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This fine warp faced weaving from the highlands of Bolivia was woven in the first half of the 19th century by Aymara Indians living at 12,500 ft. above sea level on the  ...
This fine warp faced weaving from the highlands of Bolivia was woven in the first half of the 19th century by Aymara Indians living at 12,500 ft. above sea level on the  ...
This fine warp faced weaving from the highlands of Bolivia was woven in the first half of the 19th century by Aymara Indians living at 12,500 ft. above sea level on the  ...
This fine warp faced weaving from the highlands of Bolivia was woven in the first half of the 19th century by Aymara Indians living at 12,500 ft. above sea level on the  ...
This fine warp faced weaving from the highlands of Bolivia was woven in the first half of the 19th century by Aymara Indians living at 12,500 ft. above sea level on the  ...
This fine warp faced weaving from the highlands of Bolivia was woven in the first half of the 19th century by Aymara Indians living at 12,500 ft. above sea level on the  ...
This fine warp faced weaving from the highlands of Bolivia was woven in the first half of the 19th century by Aymara Indians living at 12,500 ft. above sea level on the  ...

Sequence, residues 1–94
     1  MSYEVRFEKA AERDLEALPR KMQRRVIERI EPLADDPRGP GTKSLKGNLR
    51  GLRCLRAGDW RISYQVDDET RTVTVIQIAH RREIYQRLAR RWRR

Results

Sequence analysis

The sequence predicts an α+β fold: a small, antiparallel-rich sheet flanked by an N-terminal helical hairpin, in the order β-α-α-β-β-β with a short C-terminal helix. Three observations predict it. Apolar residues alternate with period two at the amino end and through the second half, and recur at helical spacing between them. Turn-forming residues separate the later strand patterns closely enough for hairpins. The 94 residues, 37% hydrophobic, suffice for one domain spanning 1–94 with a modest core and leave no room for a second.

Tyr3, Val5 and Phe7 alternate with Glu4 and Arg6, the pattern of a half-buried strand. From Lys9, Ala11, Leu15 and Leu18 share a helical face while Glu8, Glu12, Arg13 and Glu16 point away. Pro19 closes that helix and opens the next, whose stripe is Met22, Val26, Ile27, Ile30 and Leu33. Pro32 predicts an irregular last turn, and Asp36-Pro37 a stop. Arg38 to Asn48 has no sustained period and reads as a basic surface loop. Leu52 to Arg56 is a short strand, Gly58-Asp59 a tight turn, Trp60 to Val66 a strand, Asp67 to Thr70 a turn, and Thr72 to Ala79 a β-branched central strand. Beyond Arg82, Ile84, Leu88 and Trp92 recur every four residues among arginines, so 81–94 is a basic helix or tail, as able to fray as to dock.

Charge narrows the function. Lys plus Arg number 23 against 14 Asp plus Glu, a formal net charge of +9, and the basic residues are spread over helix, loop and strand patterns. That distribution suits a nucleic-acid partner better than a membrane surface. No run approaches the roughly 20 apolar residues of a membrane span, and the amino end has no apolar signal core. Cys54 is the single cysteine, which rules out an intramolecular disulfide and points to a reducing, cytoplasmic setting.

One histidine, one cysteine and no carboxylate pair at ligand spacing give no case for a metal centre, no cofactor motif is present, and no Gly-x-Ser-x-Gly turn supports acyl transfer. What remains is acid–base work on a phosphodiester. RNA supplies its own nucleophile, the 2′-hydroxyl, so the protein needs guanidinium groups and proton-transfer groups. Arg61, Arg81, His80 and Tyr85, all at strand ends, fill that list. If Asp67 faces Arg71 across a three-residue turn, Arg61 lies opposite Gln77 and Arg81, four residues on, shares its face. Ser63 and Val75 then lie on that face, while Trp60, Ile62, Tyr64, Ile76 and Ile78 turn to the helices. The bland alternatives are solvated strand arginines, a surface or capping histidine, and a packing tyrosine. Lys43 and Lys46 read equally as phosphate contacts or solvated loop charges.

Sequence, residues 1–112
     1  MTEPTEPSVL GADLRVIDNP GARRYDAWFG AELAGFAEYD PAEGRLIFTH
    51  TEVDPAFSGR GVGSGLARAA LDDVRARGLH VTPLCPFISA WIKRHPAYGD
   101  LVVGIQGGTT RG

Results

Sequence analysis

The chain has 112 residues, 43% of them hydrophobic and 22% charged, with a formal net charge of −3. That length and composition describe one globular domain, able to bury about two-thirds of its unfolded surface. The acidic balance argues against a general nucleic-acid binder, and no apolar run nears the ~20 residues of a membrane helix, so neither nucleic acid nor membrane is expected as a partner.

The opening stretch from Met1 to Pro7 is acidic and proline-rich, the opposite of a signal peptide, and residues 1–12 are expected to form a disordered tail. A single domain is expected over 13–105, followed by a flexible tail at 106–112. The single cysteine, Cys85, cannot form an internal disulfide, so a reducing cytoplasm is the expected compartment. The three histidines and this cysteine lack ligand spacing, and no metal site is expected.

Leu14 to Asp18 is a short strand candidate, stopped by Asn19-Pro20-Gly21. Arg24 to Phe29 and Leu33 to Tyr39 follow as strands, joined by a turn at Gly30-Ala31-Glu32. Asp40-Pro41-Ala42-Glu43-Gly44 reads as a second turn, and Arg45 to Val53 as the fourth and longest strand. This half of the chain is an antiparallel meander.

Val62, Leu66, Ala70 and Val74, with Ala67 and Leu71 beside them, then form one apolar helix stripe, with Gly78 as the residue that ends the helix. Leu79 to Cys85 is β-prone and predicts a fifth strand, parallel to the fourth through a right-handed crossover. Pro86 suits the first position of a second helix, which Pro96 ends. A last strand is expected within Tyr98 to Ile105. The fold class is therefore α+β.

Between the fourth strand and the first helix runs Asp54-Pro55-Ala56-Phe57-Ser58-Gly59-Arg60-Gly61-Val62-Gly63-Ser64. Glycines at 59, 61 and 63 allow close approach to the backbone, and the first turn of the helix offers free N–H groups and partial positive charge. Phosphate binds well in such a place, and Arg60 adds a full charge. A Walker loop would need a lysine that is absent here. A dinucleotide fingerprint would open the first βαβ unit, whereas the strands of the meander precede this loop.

This fine warp faced weaving from the highlands of Bolivia was woven in the first half of the 19th century by Aymara Indians living at 12,500 ft. above sea level on the high Andean plateau known as the Altiplano. The Aymara are considered to be among the finest of all weavers in the Andes with a textile tradition that spans more than 2,000 years. After the conquest of the Americas by the Spanish in the 1500's the Aymara continued to weave using traditional dyes and fine alpaca fibers right up until the end of the 19th century. Their animals were specially bred over millenia for the finest, long staple fiber. The quality and length of their alpaca fibers allowed for super fine spinning and silky, lustrous yarns. All yarns used were two-ply yarns. Warp-face plain weave and various other complex /compound warp-faced weaving structures were the specialty of the Aymara. The textile shown here was made as a woman's mantle to be worn for ceremonial occasions. Known as aksu, these garments are a vestige of the original woman's dress form worn during the pre-Columbian period. Its use as a dress was outlawed by the Spanish sometime in the 16th century because of Catholic concerns over modesty and as a way to suppress the indigenous culture of the Aymara. Nonetheless, the aksu continued to be made after it was banned, but was worn as a large mantle rather than a dress and only for special occasions. The asymmetrical layout of the pattern bands and stripes seen in this piece is traditional. This textile features techniques that include the use of very finely spun two ply, bi-chrome yarns (chimi) which create a blended color field as seen in the details above. The reds and deep purple colors were made from cochineal and the blues are indigo. It is not certain what was used to produce the strong yellow color, but whatever it was, it resists fading unlike most other yellow dyes known. The green is a product of double dying yellow with indigo. Aymara textiles are remarkably finely woven. Because of this it is difficult to capture the amazing quality and sophisticated weaving and spinning in these pieces. Aymara textiles were never produced for the market place since style, designs and colors were distinct to the region, even the family, where they were made. Every area had its own distinctive patterning, colors and style. These textiles were woven exclusively as ceremonial textiles and to be worn as un-tailored articles of clothing. They were four selvedged and not cut from the loom. The only finish on the edges was a finely woven tubular edge finish known as a ribete. All these factors contribute to the stunning drape and handle of this old cloth. Among the Aymara the fineness of the alpaca fiber, the spinning and weave were universally understood and highly regarded by the weavers and non-weavers alike. The Aymara were a "textile-centric" culture, like no other in the Americas. Weaving was a sacred process, a integral part of life and revered in the culture. It was the primary art form of the Aymara indians. Weavings of this age and quality rarely survive it such fine condition. These textiles were used for centuries in some cases and passed down through the generations as the sacred cloth of the ancestors. As for many of us today, old textiles were considered by the Aymara to be more potent and magical than new textiles because they represented the ancestors. They were taken out of their sacred bundles for certain ceremonies and festivals and worn by participants as a way to reanimate their ancestors when worn and danced in rituals like the Day of the Dead. Size Approximately 55 x 48 inches.
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